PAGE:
Only a few respondents had family members who tried non-medication treatments, such as the ketogenic diet, vagus nerve stimulation, gluten-free diet, and surgical resection.  Not enough data were available to make any conclusions about the effectiveness or tolerability of these treatments.

Important points:

  • Seizures often do not respond well to medications.
  • The most common medicines prescribed were Depakote, Keppra, Lamictal, and Tegretol.
  • The most effective medicines reported were Banzel, Tegretol, Lamictal, Trileptal, and Depakote.
  • Benzodiazepines alone do not seem to be effective at treating seizures.
  • Side effects were most common in Keppra, Zonegran, Onfi, Trileptal, and Topamax.

Developmental and Epileptic Encephalopathies

Some individuals with dup15q syndrome may also be considered to have a Developmental Epileptic Encephalopathy. Developmental and Epileptic Encephalopathy (DEE) refers to a group of severe epilepsies that are characterized both by seizures, which are often drug-resistant, as well as encephalopathy, which is a term used to describe significant developmental delay or even loss of developmental skills. Neurodevelopmental impairment is common, affecting cognition, communication, attention, behavior, and sleep. The underlying etiology of the syndrome can be a cause of the neurodevelopmental impairment, while seizures themselves can also have an adverse impact.

Important points:

  • Patients with developmental and epileptic encephalopathies have significant neurodevelopmental comorbidities including cognitive, behavioral, psychiatric, and sleep impairments.
  • Some anti-seizure medications have side effects that may contribute to these impairments, including levetiracetam and perampanel (aggressiveness and irritability), topiramate and zonisamide (language and memory problems), and lamotrigine (insomnia).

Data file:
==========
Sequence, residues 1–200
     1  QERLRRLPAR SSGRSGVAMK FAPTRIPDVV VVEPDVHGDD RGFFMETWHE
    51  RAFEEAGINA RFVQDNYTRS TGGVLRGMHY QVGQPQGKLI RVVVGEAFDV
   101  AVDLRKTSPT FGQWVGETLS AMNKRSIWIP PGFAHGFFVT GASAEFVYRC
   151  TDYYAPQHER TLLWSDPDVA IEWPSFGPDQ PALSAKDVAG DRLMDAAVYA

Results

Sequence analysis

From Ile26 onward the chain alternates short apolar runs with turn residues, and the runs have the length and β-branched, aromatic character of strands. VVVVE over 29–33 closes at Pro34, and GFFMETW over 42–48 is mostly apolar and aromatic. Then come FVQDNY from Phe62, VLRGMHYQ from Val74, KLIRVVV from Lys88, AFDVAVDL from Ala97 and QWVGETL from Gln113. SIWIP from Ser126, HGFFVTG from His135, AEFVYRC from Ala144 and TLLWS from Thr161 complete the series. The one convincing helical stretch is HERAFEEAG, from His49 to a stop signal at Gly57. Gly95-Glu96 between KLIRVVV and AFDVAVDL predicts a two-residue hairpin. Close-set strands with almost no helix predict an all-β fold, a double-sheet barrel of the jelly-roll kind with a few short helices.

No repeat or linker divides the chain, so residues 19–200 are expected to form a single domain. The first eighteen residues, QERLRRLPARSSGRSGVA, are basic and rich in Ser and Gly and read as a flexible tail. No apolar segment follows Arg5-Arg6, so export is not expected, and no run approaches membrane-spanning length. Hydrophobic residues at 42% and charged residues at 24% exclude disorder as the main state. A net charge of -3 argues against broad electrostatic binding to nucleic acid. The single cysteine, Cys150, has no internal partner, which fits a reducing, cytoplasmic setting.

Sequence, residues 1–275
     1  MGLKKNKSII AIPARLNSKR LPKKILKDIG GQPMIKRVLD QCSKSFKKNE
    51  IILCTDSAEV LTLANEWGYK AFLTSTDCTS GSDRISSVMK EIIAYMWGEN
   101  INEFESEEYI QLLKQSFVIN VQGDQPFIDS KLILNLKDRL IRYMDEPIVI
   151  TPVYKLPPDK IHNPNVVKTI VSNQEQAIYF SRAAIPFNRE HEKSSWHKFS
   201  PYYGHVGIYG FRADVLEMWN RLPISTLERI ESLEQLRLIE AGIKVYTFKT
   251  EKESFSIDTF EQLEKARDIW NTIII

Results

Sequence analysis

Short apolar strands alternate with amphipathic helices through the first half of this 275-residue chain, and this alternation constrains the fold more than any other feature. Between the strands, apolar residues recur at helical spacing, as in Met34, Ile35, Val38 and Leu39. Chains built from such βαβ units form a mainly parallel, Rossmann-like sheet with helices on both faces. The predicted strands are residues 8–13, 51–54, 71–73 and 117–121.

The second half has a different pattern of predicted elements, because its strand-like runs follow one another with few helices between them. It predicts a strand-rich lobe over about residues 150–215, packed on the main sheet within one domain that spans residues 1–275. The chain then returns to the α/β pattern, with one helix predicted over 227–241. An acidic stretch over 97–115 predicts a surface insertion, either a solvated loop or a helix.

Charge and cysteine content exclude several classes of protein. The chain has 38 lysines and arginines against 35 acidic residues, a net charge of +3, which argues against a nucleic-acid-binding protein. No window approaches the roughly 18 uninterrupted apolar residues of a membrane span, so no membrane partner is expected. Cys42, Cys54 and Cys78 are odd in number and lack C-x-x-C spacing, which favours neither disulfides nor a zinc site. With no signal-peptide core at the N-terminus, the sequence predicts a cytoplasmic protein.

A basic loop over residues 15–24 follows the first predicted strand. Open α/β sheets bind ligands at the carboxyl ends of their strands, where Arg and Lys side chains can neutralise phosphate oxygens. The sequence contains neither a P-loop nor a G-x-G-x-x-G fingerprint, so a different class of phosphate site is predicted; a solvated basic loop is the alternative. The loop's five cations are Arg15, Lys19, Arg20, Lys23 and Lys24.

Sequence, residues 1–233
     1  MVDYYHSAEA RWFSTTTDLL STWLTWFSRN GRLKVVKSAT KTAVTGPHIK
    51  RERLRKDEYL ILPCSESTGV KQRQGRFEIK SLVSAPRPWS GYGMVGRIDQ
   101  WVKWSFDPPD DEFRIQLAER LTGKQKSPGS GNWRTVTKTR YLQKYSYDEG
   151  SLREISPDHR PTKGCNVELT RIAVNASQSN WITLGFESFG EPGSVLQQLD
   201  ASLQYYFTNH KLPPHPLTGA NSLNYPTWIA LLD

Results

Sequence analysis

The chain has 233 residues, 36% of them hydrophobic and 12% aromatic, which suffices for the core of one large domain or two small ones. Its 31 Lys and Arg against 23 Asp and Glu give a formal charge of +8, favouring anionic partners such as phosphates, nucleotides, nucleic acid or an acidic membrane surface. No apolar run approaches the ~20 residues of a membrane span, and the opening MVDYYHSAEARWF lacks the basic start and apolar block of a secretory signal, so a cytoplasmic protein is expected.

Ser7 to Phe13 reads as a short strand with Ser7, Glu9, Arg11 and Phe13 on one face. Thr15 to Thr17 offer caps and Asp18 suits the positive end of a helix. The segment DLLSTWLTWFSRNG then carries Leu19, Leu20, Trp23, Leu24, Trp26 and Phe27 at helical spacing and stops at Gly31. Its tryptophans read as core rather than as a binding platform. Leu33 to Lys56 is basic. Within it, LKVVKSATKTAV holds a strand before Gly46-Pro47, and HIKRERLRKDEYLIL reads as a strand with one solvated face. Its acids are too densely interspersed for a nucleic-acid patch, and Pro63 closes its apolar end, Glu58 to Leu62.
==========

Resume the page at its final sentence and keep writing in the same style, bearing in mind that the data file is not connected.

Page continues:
• Cannabidiol, fenfluramine, levetiracetam, brivaracetam, and lamotrigine may have positive effects on some aspects of cognition.

Psychobehavioral and Cognitive Adverse Events of Anit-Seizure Medications for the Treatment of Developmental and Epileptic encephalopathies.


This is the largest study to date examining epilepsy and its treatments in Dup15q syndrome.  Epilepsy is common in idic(15) with a high prevalence of infantile spasms and is typically resistant to medication.  Seizures in those with int dup(15) are less common, with a frequency similar to the general autism population.  For infantile spasms, ATCH/prednisone treatment appears to be much more effective than vigabatrin.  For other seizure types, Banzel, Tegretol, Lamictal, Trileptal, and Depakote were reported as the most effective medications but the study is not large enough to say this definitively.  In general, it appears that GABAergic medications, such as benzodiazepines and vigabatrin, may not be effective in treating seizures.  This may be related to the duplicated GABA receptors in dup15q.  This study did have some limitations because it was a questionnaire based-study that relied on family reporting and was subject to more responses from families dealing with more difficult seizures.  Hopefully, larger studies will available in the future to gain a better understanding of epilepsy in dup15q syndrome and ultimately lead to better approaches to effective treatment.

New Seizure Medications

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Devices & Technology